Rachel is a 3rd year master's student at the University of Minnesota in Ruth Shaw's lab. Her research is focused on the rapid evolution of invasive plant species in prairie fragments. She received her bachelors degree at the Central Washington University, and did post-bac work in the Australian rainforest with the School for Field Studies. She is a native of Washington state.
On the side Rachel enjoys breakdancing, hip-hop dancing, and gripping/gaffing on movie/television sets.
Overall, today went pretty well. We managed to get the camera up on the small kite.
The big kite, however, had issues. After letting it out around 80 meters, the kite took a dive to the right... into a building. WHAM. This isn't a sound you want to hear. A few tears on the front, but not horrible. The problem came when Stuart was moving the kite. A gust of wind caught the kite around him. SNAP. Another bad sound. The carbon-fiber sticks were fine; an aluminum connector was not.
We had a great picnic at Elk Lake Beach on the fourth. The wind off the lake was refreshing & would have been great for kite flying. Instead we ate great food, sat on the dock, swam, kicked the soccer ball, tossed a disk, and ate great food. The company was marvelous: Amy, Colin, Dwight, Gretel, Hattie, Ian, Jameson, Jean, Josh, Julie, Per, Pete, Rachel, Sarah, & Stuart. Folks stayed for about four hours and some got a little too much sun. The water was pleasantly warm, but a little greener than usual. I didn't take any photos.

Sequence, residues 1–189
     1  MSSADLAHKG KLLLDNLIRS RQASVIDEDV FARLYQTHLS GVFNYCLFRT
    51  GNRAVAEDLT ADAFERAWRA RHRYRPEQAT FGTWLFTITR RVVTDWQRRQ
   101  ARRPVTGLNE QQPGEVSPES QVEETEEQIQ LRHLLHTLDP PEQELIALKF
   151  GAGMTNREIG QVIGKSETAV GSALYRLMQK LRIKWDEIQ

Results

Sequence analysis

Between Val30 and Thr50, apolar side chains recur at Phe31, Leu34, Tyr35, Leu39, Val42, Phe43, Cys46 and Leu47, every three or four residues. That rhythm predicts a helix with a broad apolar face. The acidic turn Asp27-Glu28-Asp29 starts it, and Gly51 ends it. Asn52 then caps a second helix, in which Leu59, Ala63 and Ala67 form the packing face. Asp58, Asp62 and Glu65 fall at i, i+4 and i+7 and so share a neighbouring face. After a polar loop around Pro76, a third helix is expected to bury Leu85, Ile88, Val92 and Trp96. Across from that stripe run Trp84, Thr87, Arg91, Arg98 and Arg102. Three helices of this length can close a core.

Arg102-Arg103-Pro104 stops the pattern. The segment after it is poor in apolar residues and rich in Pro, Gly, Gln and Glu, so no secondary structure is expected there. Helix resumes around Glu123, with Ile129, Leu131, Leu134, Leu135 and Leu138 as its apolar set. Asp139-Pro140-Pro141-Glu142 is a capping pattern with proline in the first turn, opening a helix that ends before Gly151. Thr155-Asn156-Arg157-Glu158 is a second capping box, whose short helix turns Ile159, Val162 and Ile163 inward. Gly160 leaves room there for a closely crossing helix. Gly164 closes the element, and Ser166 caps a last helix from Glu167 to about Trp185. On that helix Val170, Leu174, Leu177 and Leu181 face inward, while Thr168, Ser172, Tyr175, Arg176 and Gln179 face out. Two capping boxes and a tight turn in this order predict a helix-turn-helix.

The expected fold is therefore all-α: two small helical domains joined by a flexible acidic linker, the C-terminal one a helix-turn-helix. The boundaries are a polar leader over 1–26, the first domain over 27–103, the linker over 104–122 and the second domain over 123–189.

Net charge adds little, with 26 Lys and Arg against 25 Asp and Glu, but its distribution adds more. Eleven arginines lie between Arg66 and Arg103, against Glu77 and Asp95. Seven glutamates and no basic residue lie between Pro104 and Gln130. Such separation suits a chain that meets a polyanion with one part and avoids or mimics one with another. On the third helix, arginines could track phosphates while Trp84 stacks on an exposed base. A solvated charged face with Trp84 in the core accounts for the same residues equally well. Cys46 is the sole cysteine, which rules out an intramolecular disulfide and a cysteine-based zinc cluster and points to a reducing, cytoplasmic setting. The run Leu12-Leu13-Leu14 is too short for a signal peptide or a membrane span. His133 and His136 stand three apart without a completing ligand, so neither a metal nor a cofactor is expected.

We did herb & ray again today, which is short for herbivory and ray damage (i think), and afterwards to streamline the process even further for the future I took pictures of the different categories of herbivory/ray damage. The Main categories are Brown ray florets, Brown tips of ray florets, and straight, obvious herbivory of ray florets. I tried to categorize my photos into the different groups. There is some grey area between Brown and brown tips and there may be overlap of how those two conditions are caused. Brown tips are almost always associated with shriveling of the distal ends of the ray florets. We decided that brown area larger than 2X2mm area classifies as brown and less than that at the tip of the rays is brown tip. There are also sometimes small brown areas on the sides of the rays, which I think merits some attention. Another common anomaly is for the rays to have dark uniform spots on them. The last picture shows that condition
We forgot our list of what specific heads to video for each plant, so I decided, in the field, to just video the one with a twist tie color that comes first in the alphabet. I think we'll use this method from now on as it is at least haphazard and it's easy to remember.
Also, three of our rigged batteries failed immediately. I hope my big batteries from B and H come soon!
A redesign of the original asymmetry contraption has finally reached (hopefully) it's perfected state. With a black felt backing I was able to take several test pictures in the '99 Garden South with the assistance of Dr. Andrew McCall.